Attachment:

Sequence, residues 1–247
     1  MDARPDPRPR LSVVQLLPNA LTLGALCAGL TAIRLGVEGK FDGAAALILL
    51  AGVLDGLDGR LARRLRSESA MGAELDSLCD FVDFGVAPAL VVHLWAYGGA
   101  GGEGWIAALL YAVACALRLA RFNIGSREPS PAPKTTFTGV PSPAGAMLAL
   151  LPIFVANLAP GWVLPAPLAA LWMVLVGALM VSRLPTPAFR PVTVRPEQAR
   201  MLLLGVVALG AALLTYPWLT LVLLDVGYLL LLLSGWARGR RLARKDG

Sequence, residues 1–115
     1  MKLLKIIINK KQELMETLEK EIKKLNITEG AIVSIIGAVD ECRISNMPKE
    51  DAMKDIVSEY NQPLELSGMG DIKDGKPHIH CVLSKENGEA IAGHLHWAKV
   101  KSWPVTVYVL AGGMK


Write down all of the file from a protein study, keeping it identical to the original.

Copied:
Sequence, residues 1–247
     1  MDARPDPRPR LSVVQLLPNA LTLGALCAGL TAIRLGVEGK FDGAAALILL
    51  AGVLDGLDGR LARRLRSESA MGAELDSLCD FVDFGVAPAL VVHLWAYGGA
   101  GGEGWIAALL YAVACALRLA RFNIGSREPS PAPKTTFTGV PSPAGAMLAL
   151  LPIFVANLAP GWVLPAPLAA LWMVLVGALM VSRLPTPAFR PVTVRPEQAR
   201  MLLLGVVALG AALLTYPWLT LVLLDVGYLL LLLSGWARGR RLARKDG

Sequence, residues 1–115
     1  MKLLKIIINK KQELMETLEK EIKKLNITEG AIVSIIGAVD ECRISNMPKE
    51  DAMKDIVSEY NQPLELSGMG DIKDGKPHIH CVLSKENGEA IAGHLHWAKV
   101  KSWPVTVYVL AGGMK